Most of us are familiar with the symbolism of yin and yang, two forces constantly moving around each other for all eternity. However, a common mistake for us in the west is to assume that yin and yang are opposing forces working against one another but in reality they complement one another. Opposing forces exist separately of each other and you can have one without the other but complementary forces such as yin and yang are actually two halves of a whole and one cannot exist without the other. Like a coin, you cannot have just one side. This is why there is a small dot of yin within the yang half of the symbol and vice-versa, to show that they are a part of each other and not entirely separate.
To illustrate the difference, think of the taste of sweetness. If sweetness was represented by yang, many westerners might assume that yin would represent bitterness, what we’d consider to be the opposite of sweet. But eastern philosophy would say that yin actually represents blandness, the absence of taste. If you’d never tasted bitter food, you could still appreciate the flavour of sweet food; however, if you’d never tasted bland food how could you ever appreciate flavoursome food, be it bitter or sweet?
This difference of philosophy can be seen in the differences between Western Boxing and Chinese Boxing (Kung Fu). In terms of fighting, Yang is associated with advancing and being aggressive. Yin is associated with yielding and being passive, but this is not the same as running away or cowering, but rather it is best thought of as conserving energy and waiting for the right time to strike.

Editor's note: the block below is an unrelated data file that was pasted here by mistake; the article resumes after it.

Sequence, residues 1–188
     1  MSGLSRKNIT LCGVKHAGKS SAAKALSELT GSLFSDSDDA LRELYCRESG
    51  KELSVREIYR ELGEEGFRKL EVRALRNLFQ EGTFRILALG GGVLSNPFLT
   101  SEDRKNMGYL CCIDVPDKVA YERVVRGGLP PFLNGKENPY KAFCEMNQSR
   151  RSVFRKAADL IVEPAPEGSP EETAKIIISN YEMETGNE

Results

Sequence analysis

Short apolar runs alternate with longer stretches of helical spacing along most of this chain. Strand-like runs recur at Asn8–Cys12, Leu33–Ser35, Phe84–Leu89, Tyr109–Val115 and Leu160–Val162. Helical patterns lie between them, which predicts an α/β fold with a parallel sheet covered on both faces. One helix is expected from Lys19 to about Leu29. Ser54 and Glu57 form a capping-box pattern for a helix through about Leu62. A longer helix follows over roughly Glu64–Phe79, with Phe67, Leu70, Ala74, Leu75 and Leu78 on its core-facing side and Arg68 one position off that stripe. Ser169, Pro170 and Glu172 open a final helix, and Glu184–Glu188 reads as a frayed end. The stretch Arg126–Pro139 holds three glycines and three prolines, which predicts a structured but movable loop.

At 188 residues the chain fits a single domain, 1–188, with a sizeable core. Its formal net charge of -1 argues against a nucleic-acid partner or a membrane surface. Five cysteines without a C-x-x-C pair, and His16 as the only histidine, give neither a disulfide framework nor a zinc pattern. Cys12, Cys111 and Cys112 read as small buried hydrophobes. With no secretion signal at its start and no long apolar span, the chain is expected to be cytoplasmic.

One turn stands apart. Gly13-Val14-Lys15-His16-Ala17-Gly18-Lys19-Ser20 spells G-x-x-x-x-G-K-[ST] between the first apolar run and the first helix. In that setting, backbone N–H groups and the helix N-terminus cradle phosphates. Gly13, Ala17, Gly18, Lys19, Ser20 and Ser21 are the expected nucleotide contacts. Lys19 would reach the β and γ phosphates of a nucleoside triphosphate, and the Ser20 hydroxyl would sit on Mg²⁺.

We often see western boxers slugging it out in the centre of the ring. Two competitors opposing each other with every move; where the ability to take hits being just as important a factor to victory as the ability to dish them out. This is an example of yang opposing yang. That’s fine in the ring where two opponents are physically matched but what happens when the opponent is larger? Opposing his movements and slugging it out is not the best idea.
In Kung Fu, the ultimate aim is to make your opponent miss, and this is done not by opposing his movement but by complementing them. Yielding where the opponent shows strength and striking where they show weakness, the kung fu practitioner combines the constant flow of yin and yang in order to out move and outwit his opponent.
The yin-yang symbol features prominently in the Freestyle Kung Fu Academy logo for this very reason, we do not teach students to stand there and get hit while trying to hit back but rather to move around their opponent and get themselves into a position where they have all the advantage. It is that philosophy that makes Kung Fu such an effective form of self-defence for the real world.